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Cell division is fundamental to all living organisms and required for growth and development. As an essential means of reproduction for all living things, cell division allows organisms to transfer their genetic material to their offspring. For a unicellular organism, cellular division generates a completely new organism. For multicellular organisms, cellular division produces new cells for the general development of the organism, as well as produces healthy cells to replace damaged cells from injury. Reproduction of multicellular organisms requires cell division to create reproductive cells.
In order to divide, a cell first needs to duplicate and divide its genetic content into two daughter cells. This series of duplication and division is called the cell cycle. The details of the cell cycle vary from one organism to the next, but fundamental stages of cell division are universal.
About 78% of a cell’s life is spent in Interphase, growing and preparing itself for cell division. Interphase itself contains three subphases. Immediately after cell division, a newly-formed cell enters the Gap 1 or G1 portion of Interphase. During G1, cells actively grow and, in many cases, differentiate to perform specific functions. At this stage, the cell is sensitive to internal and external signals to determine whether to divide or not. Some cells, such as neurons do not proceed to cell division after differentiation and remain in G1 until they die. Once the cell meets criteria to proceed to cell division, it enters the synthesis or S stage of Interphase, during which the cell replicates its entire genome. Next, the cell enters the Gap 2 or G2 phase to synthesize all the necessary proteins for cell division. This is followed by the cell division phase.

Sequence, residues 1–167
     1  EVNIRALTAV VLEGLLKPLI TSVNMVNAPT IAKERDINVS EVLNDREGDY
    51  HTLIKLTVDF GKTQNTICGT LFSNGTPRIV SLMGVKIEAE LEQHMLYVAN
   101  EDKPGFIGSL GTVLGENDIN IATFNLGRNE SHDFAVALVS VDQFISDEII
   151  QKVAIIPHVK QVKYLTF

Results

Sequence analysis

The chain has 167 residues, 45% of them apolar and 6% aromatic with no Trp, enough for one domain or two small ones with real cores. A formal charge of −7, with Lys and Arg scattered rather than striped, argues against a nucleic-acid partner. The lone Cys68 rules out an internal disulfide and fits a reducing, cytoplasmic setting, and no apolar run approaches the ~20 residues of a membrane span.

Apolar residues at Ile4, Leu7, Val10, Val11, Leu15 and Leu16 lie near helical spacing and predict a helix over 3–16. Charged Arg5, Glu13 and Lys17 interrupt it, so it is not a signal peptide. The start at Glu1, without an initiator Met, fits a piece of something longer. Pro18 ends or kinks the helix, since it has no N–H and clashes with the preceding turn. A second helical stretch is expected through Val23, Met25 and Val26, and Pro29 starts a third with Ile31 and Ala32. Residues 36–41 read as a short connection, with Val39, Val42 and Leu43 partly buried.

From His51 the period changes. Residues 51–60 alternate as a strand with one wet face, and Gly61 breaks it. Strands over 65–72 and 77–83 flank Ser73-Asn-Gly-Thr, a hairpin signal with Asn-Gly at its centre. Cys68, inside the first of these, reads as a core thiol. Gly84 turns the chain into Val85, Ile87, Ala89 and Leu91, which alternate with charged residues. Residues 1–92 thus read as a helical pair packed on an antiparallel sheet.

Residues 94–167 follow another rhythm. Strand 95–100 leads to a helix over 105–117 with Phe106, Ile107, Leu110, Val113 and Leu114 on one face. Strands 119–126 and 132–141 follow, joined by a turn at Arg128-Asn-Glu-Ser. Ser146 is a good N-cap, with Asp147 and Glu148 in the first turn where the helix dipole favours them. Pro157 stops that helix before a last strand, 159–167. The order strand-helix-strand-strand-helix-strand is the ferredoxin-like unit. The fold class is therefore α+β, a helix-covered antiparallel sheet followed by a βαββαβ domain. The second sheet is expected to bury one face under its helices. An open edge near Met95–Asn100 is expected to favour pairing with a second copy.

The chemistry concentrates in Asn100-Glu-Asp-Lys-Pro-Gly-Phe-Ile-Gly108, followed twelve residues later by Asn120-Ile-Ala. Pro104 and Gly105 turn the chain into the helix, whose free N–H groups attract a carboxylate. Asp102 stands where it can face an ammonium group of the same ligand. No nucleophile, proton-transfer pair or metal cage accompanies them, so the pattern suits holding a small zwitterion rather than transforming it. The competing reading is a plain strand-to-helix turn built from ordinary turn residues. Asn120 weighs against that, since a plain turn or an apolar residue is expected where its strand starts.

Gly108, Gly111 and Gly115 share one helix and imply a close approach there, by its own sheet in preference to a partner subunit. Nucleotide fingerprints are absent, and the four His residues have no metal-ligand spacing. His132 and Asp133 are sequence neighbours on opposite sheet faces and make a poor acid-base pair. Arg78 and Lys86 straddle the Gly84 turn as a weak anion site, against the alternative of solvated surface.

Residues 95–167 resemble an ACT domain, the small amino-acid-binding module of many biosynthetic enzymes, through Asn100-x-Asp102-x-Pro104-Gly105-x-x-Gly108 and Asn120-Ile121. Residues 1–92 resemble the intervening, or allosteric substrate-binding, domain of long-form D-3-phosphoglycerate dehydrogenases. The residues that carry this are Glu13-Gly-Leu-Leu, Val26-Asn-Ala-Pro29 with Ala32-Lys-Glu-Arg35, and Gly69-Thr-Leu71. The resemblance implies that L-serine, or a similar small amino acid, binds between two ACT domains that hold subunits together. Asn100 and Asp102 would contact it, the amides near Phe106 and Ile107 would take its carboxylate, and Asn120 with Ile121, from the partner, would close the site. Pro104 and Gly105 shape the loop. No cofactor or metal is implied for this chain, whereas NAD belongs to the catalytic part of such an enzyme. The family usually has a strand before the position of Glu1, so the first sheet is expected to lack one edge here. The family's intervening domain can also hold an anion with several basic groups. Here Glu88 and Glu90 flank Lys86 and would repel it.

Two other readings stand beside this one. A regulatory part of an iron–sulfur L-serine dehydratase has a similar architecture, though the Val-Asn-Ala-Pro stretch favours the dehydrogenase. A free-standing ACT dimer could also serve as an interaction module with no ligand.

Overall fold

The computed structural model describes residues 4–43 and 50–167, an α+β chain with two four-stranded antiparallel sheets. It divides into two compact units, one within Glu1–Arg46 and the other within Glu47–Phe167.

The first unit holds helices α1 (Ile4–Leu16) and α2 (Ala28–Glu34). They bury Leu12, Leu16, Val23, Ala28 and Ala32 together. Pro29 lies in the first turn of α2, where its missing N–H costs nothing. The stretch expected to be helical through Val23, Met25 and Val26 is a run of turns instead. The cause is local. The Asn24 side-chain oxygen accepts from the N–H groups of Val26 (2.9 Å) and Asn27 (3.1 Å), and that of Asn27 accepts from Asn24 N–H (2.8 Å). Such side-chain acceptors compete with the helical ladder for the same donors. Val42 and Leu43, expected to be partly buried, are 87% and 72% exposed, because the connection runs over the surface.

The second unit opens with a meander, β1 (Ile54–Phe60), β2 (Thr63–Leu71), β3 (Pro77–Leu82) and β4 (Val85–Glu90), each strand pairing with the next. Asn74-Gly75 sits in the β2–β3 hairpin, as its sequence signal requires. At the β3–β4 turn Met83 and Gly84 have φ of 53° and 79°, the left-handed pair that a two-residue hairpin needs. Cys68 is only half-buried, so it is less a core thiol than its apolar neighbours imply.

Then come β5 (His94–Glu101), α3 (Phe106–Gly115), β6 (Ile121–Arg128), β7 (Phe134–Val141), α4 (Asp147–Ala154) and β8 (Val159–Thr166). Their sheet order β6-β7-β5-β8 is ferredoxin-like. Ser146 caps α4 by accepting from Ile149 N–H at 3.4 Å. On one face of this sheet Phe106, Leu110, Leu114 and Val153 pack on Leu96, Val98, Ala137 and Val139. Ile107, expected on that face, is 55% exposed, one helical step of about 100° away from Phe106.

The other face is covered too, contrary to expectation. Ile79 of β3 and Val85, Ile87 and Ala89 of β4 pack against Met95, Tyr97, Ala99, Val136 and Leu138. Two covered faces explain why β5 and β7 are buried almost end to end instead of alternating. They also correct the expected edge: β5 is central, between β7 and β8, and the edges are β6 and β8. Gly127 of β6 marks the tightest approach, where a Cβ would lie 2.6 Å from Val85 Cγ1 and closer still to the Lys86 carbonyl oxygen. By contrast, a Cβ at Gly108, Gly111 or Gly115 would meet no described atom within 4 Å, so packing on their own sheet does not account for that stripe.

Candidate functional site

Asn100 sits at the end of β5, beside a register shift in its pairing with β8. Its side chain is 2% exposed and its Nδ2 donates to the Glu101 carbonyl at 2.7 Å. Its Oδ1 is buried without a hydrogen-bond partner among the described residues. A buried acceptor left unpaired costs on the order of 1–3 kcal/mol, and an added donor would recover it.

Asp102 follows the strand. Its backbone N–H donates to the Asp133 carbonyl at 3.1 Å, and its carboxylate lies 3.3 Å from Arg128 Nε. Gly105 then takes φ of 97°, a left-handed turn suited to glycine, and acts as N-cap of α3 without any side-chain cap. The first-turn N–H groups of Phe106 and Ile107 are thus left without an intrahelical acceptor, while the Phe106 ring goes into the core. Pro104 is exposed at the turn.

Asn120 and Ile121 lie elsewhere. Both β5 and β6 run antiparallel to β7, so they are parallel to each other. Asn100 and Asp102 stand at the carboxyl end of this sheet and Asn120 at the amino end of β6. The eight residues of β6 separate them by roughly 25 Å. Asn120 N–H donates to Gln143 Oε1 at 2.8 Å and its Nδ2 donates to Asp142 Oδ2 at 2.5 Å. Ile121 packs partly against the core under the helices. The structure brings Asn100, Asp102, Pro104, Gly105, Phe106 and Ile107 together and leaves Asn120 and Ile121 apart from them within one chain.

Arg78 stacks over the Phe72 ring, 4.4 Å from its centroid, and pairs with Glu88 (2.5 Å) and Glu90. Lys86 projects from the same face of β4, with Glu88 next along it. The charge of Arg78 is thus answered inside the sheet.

There are two types of cell division in eukaryotic cells—mitosis and meiosis. Somatic or non-reproductive cells produce daughter cells via mitotic division. Mitosis is the nuclear division and consists of five stages: prophase, prometaphase, metaphase, anaphase, and telophase During prophase, duplicated DNA molecules condense into tightly-packed chromosomes, while microtubules form spindles. The nuclear envelope dissolves in prometaphase. During metaphase, chromosomes that are connected to spindles line up along the equator of the cells. During anaphase, sister chromatids are pulled to opposite poles of the cell. Finally, during telophase, new nuclear envelopes are formed around both groups of chromosomes. After nuclear division is completed, cytoplasm around each nucleus separates from one another via cytokinesis, resulting in two identical daughter cells.
The other type of eukaryotic cell division is called meiosis, which is specific to reproductive cells. Meiosis produces four daughter cells each with only half the genetic content of the parent cell. In this process the cell duplicates its DNA during Interphase and then completes two successive cell divisions splitting cells from two into four cells, respectively. These successive cell divisions are called meiosis I and meiosis II, both of which consist of all the stages from prophase to telophase. Exchange of genetic material between the sets of non-sister chromatids happens during prophase I in a process called crossing over. Homologous chromosome pairs are aligned along the equator of the cell during metaphase I and pulled away from each other during anaphase I. Haploid daughter nuclei are formed during telophase I. Cytokinesis commonly occurs before meiosis II, however, interphase almost never happens between the two successive divisions. Meiosis II is very similar to mitosis and separates sister chromatids. At the end of meiosis, four haploid daughter cells are formed. These cells daughter cells are called gametes and form the sperm or egg cells.